Well, this is what happens when Sarasota Daily Photo (left) meets Sequim Daily Photo in Sequim, Washington. Would you expect anything less?! The entire SDP team was given a very warm welcome by Kay and her DH. What a pleasure to meet both in person! They were hospitable and gracious, welcoming us (chilled) Floridians with tasty homemade soup before we ventured out for a tour of the area (cameras in hand, of course). Although it was overcast and drizzling on and off while we toured, the sheer natural beauty of the area was evident. Almost immediately, we spotted bald eagles -- much to our delight.
This is an adult bald eagle with two juveniles. (To me, the two juvies looked like vultures, so it was very helpful to have Kay and DH's discerning eyes.) Then, a short distance away...
....we encountered this guy hanging out in a tree along the road. He didn't mind us walking up quite close. He appeared to be having a good stare over the Strait of Juan de Fuca.
This is the general area the eagle was watching over. As one who adores lighthouses, this part of Sequim fascinated me. This is the New Dungeness lighthouse. You can get there by hiking five (5) miles across, what I believe Kay and DH said, is the longest natural spit in the U.S. Wow! Had time permitted, the SDP team would've happily taken on that challenge!
We visited several places that Kay has blogged about, like the Dungeness Recreation Area and Port Williams (shown here). The bluffs, driftwood, flat stones (good for skipping!) and grey skies here reminded me a lot of the Upper Peninsula in Michigan.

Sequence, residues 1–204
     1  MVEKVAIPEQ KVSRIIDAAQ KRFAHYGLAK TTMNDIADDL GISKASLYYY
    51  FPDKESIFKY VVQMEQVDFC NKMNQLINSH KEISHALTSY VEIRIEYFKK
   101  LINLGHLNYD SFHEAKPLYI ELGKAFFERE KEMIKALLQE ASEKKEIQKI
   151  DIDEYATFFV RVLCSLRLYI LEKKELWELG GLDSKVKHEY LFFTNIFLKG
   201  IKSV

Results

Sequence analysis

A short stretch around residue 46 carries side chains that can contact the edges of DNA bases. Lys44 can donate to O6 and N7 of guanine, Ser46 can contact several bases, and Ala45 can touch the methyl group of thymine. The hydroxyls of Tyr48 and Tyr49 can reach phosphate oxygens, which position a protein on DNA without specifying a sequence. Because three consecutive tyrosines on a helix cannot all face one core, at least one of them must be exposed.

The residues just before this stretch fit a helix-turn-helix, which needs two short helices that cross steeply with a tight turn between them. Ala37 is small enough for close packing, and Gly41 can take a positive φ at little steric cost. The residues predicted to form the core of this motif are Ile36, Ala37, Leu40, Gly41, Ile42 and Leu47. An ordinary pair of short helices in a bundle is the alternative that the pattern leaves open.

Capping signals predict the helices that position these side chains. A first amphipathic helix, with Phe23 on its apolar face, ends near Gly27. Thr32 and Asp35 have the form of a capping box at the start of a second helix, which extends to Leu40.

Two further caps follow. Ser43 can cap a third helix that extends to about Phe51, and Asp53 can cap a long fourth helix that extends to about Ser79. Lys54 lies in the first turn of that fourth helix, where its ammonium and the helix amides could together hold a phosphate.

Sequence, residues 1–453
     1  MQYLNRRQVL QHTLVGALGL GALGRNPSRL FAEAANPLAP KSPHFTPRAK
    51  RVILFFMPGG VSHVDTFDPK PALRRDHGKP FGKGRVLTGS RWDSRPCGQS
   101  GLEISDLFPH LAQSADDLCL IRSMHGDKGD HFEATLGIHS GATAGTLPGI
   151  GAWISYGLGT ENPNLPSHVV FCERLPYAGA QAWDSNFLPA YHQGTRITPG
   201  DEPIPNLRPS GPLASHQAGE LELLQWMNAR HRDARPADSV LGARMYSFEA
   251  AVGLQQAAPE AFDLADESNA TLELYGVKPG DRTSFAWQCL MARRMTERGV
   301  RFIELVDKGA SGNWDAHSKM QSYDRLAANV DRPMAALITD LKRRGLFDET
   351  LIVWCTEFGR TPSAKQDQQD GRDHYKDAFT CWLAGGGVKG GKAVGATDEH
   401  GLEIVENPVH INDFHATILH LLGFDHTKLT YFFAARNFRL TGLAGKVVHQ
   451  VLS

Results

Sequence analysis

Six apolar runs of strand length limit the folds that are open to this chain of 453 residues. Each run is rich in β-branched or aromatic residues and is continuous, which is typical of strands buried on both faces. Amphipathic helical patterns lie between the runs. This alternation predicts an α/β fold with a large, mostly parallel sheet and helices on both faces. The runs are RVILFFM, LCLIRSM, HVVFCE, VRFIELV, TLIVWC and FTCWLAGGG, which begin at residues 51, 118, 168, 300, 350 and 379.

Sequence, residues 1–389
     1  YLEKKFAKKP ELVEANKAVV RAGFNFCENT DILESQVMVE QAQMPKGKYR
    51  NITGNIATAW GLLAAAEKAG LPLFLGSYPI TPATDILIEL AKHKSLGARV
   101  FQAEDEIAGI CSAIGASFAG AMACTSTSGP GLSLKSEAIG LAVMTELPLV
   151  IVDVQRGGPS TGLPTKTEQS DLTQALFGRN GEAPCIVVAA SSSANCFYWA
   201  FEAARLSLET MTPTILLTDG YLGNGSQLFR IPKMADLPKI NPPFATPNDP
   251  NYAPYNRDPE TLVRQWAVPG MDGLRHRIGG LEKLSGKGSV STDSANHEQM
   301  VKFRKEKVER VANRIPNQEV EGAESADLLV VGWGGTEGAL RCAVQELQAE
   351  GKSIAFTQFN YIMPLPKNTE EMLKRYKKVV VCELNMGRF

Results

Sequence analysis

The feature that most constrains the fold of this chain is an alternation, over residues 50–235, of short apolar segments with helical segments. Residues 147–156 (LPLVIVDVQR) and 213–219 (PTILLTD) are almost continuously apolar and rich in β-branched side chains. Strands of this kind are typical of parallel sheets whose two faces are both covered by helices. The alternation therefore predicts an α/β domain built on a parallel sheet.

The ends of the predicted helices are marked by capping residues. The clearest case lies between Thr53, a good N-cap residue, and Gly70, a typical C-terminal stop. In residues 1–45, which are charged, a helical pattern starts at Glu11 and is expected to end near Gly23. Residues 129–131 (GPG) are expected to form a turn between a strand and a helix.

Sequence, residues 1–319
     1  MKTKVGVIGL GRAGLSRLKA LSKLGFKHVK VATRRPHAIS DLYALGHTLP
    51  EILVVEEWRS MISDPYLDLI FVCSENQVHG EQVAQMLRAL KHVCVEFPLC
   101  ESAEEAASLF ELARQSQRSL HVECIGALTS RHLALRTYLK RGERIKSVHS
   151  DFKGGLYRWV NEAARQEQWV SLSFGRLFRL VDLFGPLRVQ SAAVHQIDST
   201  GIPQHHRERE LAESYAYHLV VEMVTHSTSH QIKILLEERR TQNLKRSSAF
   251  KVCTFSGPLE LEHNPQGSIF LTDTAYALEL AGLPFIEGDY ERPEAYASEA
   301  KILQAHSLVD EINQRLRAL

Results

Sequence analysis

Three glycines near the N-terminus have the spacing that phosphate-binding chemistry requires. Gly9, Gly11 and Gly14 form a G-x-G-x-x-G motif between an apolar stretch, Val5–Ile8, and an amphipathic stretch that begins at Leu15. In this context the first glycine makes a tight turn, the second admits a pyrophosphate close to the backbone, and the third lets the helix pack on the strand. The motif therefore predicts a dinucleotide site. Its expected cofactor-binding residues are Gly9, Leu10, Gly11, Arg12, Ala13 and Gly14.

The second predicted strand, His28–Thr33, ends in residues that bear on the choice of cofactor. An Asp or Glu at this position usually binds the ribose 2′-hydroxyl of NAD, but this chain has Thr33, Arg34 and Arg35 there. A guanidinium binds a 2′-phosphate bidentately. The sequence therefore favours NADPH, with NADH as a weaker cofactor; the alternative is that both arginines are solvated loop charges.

During our outing, Kay and DH gave us the inside skinny on what's going on in the community such as a proposal to possibly privatize John Wayne marina. Sure hope it remains publicly owned at the very least. It seems like a wonderful community asset.
I kept saying, 'Oh, yeah...I saw this posted on your blog!' Case in point: this lovely bucolic scene.
Our time was limited, but we made the most of it, visiting many areas in Sequim and enjoying good conversation. Before departing, the entire SDP team even was treated to a behind the scenes peek at the other SDP global headquarters. Nice! Thanks again for the hospitality -- very enjoyable!
The SDP team has been on the move and is fresh back from an incredible visit to the Pacific Northwest, which included a wonderful meet-up with a fellow City Daily Photo blogger. More on that tomorrow!
But, first, let's check in and confirm that all's well in Sarasota. With Easter in the rearview mirror, it seems many of our seasonal residents have returned up north (probably much to their chagrin based on the snowy conditions I'm seeing on the news) and the roads and beaches here are a bit easier to navigate.
I stopped by Lido Beach after work last Friday night and seeing the above scene, my curiosity was piqued (again): What is it with boys and seabirds? It seems they can't resist chasing a flock of birds resting on the beach. In this case, though, these were black skimmers which are protected by the U.S. Migratory Bird Treaty Act and the Florida threatened species list. So, after watching this large flock of skimmers being startled into flight, swooping around, and landing only for the cycle to repeat itself several more times, I began contemplating whether I should explain to the boys that their playful exuberance was probably quite stressful for our feathered friends. Fortunately, another beach goer interceded.
The boys reacted good naturally, taking it all in stride, and leaving the birds to roost contentedly in the sand. Hope everyone in the Blogosphere has been doing well.